10. Right here on this blog, I re-hosted an annotated replay of a PBeM game of BLACK HOLE, a science fiction micro from Metagaming (1979) that was played by email.  The replay was done in 99 and hosted on freeservers.com.  I re-hosted it here recently.   I wish I had written more of these!  It’s very entertaining to read in retrospect.

10. STRONGLY related, but not the same thing, as the TFT system, is the material being published by DARK CITY GAMES.  DCG is a garage band style company selling microquests very similar to the old Microgame programmed adventures from the grand old days of the 1980s.  This is mostly a one man effort named George Dew.   If you liked the Fantasy Trip, Dark City is your next logical step.

Does the artwork “ring a bell”?  It ought to.  it looks like upgraded artwork from the old Melee/Wizard counter sheets.

Screen shot of SHADOWS IN THE DARK, the latest programmed adventure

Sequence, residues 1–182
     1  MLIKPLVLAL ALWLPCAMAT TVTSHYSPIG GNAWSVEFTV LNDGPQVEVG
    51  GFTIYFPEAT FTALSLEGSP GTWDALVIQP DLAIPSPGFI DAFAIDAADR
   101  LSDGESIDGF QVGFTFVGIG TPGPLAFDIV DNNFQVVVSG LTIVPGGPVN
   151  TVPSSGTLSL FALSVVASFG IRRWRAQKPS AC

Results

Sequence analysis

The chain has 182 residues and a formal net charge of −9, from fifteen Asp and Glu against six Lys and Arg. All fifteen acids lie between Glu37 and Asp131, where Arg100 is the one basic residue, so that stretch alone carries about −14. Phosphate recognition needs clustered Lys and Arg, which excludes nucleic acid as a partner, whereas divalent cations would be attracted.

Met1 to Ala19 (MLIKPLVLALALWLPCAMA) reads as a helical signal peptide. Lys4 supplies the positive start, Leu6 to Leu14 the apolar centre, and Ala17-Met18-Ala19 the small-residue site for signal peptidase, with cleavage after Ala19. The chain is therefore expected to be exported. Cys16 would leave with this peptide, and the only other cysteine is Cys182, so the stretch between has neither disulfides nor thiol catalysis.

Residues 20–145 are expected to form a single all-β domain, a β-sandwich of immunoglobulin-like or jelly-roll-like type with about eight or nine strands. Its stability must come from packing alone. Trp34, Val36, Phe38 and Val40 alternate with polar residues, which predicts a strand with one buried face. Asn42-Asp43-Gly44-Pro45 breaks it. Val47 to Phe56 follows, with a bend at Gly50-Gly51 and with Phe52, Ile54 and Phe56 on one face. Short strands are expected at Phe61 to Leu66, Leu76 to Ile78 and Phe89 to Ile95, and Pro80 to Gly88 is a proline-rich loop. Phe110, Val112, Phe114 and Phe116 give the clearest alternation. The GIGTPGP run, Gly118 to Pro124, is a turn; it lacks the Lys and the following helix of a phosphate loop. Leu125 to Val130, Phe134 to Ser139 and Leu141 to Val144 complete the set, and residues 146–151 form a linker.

Current Products, as of late 2013:

  • Ancient World  (Fantasy: Melee/Wizard-like)
    — Shadows in the Dark
    — Emerald Twilight
    — The Thing in the Lake
    — The Oracle’s Breath
    — Raid on Cygnosa
    — Fire in the Streets
    — The Dark Vale
    — Wolves on the Rhine
    — Gates to the Underworld
    — Sewers of Redpoint
    — Island of Lost Spells
    — Crown of Kings
  •  Time and Space (Science Fiction Tactical)
    — At Empire’s End
    — Dark Star Incident
    — Oasis
    — Void Station 57
  • Untamed West  (Wild West, like Boot Hill)
    —  Blood in the Dust
  • Rules Downloads (all very similar)